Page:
I totally agree that any of my answers can be be downvoted. The problem is that there is no way to know why. Is there any manner to ask somebody (may be the moderator) to clarify and tell me what I set wrong?

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    $\begingroup$ Clarification for downvote of this post: this was discussed on meta many times — please use search $\endgroup$
    – Grigory M
    Dec 26, 2013 at 10:47
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    $\begingroup$ Only the downvoter knows the reason why they downvoted. It makes no sense to ask moderators about the reasons for a downvote. $\endgroup$ Dec 26, 2013 at 10:49
  • $\begingroup$ Related: meta.math.stackexchange.com/q/4250 $\endgroup$
    – Grigory M
    Dec 26, 2013 at 10:50
  • $\begingroup$ @MartinSleziak. I totally agree with you. The problem is that I do not know either who downvoted nor why. $\endgroup$ Dec 26, 2013 at 10:50
  • $\begingroup$ This also seems related: meta.math.stackexchange.com/questions/3153/… $\endgroup$ Dec 26, 2013 at 10:57
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    $\begingroup$ @MartinSleziak. Thanks for all these good informations. I must confess that I did not know that this problem has been so often addressed. I am sorry to have disturbed. $\endgroup$ Dec 26, 2013 at 11:00

1 Answer 1


It is much rarer for answers to be downvoted than for questions -- the predominant culture here is to comment when an answer has an error, rather than to silently downvote. Here are a few reasons I might downvote your answer without comment:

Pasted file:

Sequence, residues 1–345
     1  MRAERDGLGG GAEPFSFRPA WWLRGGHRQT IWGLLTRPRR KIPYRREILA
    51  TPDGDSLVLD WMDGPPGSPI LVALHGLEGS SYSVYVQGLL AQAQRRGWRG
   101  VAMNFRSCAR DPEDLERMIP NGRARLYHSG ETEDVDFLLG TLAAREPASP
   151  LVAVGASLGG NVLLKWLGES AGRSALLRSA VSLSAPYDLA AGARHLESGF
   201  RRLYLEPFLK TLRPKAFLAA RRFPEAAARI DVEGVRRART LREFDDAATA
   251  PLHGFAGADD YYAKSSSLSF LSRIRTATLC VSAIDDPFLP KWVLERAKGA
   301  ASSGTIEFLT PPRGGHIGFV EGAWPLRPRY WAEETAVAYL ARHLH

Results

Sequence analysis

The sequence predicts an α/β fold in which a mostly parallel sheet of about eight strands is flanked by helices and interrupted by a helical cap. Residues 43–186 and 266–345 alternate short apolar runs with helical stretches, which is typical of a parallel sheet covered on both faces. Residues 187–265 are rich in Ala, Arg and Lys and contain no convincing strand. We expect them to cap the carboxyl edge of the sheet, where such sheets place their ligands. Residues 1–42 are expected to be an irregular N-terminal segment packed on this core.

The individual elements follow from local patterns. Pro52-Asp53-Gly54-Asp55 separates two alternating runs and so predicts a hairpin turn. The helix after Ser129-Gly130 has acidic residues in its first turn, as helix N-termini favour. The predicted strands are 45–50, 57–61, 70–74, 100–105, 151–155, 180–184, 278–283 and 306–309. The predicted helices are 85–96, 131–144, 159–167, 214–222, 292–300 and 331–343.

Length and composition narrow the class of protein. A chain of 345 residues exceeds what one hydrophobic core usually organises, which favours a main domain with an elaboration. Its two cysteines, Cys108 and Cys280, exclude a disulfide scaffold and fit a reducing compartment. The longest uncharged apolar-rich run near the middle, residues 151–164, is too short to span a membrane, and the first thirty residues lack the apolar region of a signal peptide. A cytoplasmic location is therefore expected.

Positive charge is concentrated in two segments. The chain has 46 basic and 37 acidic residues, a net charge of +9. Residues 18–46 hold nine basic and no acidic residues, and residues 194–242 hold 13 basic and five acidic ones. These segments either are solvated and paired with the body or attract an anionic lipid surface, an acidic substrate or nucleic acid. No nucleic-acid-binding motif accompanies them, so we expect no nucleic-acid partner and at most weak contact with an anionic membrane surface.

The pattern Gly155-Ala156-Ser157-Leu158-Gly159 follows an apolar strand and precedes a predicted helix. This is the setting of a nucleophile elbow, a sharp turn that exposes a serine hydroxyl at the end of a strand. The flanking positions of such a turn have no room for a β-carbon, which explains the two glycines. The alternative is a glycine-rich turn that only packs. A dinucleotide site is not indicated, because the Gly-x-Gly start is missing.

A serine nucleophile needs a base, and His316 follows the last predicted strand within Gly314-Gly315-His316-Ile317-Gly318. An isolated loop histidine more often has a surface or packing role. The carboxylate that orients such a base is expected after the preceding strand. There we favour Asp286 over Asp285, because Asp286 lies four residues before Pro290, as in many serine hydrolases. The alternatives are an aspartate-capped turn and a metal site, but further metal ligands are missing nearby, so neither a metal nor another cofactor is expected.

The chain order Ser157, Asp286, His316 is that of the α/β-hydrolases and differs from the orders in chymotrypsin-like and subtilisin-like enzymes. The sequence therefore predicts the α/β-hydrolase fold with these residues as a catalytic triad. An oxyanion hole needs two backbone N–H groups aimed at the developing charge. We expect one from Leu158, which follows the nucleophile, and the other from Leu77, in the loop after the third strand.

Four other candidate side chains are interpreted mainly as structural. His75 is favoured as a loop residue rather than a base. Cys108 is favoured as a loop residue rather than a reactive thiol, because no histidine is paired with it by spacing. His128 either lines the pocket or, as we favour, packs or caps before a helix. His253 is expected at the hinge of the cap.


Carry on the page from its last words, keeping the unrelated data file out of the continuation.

• It shows a lack of presentation effort: there are spelling/capitalization errors, math is not Latexed, etc. I would guess this is the reason your recent answer got the downvote.

  • The answer is wrong. Usually I will comment and point out the error, but if the error is egregious (suggests a hopelessly wrong approach, for instance), or you didn't respond to another user's comment in a timely manner, I might downvote instead.

  • The question asks for a hint, and you spoil the full solution.

If you want to ask, in a comment to your question, why you received the downvote, it is OK to do so. But you won't always get an answer.

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    $\begingroup$ Yes: The question asks for a hint, and you spoil the full solution. Or even: someone has already given a hint, and you step on his toes by giving a full solution. $\endgroup$
    – GEdgar
    Dec 27, 2013 at 14:49

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